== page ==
The currency of Cyprus. Currency code (CYP)
What Was the Cypriot Pound (CYP)?
CYP was the currency abbreviation for the Cypriot pound, which was the national currency of the Republic of Cyprus before it adopted the shared euro currency.
Understanding the Cypriot Pound
The Cypriot pound was the official currency for Cyprus before its membership in the European Union (EU) and adoption of the euro (EUR) as legal tender in 2008. The Central Bank of Cyprus issued and administered the currency following its establishment in 1963. The British first used the pound in Cyprus in 1879, even though the country still belonged to the Ottoman Empire. The Cypriot pound remained pegged to the British pound (GBP) until 1972, at which point the central bank changed the peg to the U.S. dollar.
Starting in 1973, Cyprus dropped its dollar peg in favor of a peg to a currency basket based upon the country's imports, then switched to a currency basket based on its trading activities in 1984.
The decision to move to the euro eventually triggered a permanent exchange rate of 0.585274 Cypriot pounds per euro. The euro became legal tender effective Jan. 1, 2008. The agreement with the European Central Bank allowed the exchange of older pound coins for two years following the changeover and CYP banknotes for the ten years following.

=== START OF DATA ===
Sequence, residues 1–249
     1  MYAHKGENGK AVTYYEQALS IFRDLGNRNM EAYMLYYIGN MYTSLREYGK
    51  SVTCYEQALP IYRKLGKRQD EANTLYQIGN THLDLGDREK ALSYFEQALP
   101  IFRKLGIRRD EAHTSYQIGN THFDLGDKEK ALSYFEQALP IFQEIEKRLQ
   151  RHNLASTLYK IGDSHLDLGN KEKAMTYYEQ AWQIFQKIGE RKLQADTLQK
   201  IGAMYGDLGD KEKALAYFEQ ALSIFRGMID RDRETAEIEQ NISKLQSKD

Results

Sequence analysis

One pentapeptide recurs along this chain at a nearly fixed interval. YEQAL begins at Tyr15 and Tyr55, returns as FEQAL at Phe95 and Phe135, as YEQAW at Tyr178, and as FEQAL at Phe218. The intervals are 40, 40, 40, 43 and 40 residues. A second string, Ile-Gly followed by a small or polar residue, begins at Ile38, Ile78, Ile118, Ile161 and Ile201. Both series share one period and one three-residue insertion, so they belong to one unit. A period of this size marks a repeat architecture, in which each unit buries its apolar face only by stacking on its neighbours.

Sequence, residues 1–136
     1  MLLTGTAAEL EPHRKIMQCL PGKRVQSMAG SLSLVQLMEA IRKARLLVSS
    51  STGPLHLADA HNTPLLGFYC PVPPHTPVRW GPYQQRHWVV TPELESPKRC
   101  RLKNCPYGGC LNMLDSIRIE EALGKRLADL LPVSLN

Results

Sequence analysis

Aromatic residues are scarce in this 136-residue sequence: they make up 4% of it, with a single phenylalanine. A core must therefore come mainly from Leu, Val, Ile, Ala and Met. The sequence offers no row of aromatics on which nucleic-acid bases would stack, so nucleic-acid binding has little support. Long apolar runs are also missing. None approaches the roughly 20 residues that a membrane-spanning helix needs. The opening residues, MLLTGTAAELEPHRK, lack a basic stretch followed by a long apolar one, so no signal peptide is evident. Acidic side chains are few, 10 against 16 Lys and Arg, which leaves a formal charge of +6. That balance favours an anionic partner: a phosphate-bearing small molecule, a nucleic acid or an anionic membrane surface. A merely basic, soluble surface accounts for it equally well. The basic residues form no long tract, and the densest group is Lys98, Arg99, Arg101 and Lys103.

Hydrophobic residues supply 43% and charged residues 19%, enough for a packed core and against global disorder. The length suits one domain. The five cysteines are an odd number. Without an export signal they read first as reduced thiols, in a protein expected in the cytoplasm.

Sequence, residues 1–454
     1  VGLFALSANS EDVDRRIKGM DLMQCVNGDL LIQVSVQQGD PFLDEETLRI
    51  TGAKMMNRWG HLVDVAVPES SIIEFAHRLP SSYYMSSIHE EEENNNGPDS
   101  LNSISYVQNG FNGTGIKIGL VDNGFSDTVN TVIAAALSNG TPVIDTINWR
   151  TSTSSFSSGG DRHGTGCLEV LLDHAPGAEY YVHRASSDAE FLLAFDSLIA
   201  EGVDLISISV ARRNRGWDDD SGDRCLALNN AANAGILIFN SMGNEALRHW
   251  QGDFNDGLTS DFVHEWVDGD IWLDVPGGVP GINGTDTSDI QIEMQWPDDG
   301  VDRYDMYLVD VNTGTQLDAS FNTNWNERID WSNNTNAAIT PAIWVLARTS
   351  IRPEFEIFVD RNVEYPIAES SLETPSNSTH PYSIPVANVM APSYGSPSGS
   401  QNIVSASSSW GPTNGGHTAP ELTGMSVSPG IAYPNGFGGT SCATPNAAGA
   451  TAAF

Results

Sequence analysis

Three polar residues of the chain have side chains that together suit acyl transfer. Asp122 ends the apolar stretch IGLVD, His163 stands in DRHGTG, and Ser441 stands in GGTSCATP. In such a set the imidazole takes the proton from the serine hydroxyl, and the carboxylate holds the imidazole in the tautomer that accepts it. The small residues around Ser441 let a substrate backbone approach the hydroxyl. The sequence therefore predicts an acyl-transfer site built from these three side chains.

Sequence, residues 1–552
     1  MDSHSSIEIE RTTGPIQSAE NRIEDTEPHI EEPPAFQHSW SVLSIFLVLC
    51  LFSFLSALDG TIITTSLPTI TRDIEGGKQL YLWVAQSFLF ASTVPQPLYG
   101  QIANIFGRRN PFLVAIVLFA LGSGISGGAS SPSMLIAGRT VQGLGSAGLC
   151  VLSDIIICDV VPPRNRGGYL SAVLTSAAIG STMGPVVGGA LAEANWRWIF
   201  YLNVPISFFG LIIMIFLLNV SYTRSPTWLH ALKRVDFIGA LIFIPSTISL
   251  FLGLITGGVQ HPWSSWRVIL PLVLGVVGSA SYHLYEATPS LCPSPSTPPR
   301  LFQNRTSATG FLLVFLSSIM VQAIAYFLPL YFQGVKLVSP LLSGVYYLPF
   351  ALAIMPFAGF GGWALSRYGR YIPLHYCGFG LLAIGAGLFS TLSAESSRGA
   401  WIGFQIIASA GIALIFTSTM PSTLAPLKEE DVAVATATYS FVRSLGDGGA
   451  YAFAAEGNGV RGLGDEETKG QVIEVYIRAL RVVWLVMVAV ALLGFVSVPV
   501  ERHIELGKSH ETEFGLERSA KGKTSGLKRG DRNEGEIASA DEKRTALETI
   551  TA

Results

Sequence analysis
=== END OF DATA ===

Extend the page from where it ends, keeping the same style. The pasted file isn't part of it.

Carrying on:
Cyprus had annual GDP growth of 3.23% in 2019 with an inflation rate of 0.56%.
A Divided Cyprus
Britain annexed Cyprus as a colony following the breakup of the Ottoman Empire in 1925. However, the nation's inhabitants generally have viewed themselves as either ethnically Greek or Turkish, leading to periods of civil unrest. Greek Cypriots have periodically called for the country to unite with Greece. In contrast, Turkish Cypriots have traditionally demanded that the nation combines with Turkey or that the northern part of the country secedes. The republic received independence from England in 1960 and almost immediately plunged into sporadic violence between Greek and Turkish elements. A coup backed by the U.S. and Greece attempted to assassinate the Cypriot president in 1974, and the resultant fight led to the country's division as Turkish forces entered the northern part of the island.
Turkish Cypriots attempted to formalize the division in 1983 when they declared themselves the Turkish Republic of Northern Cyprus. Other than Turkey, however, no other nation has recognized the republic. On multiple occasions, northern and southern factions have tried to forge a peace plan between the two sides without result. The north remains occupied, and the United Nations oversees and patrols a demilitarized buffer zone between the two territories.
Despite the north's technical existence as part of the island of Cyprus, it has maintained the Turkish lira (TRY) as its official currency, though businesses serving tourists often accept payments in euros (EUR), British pounds (GBP), or U.S. dollars (USD).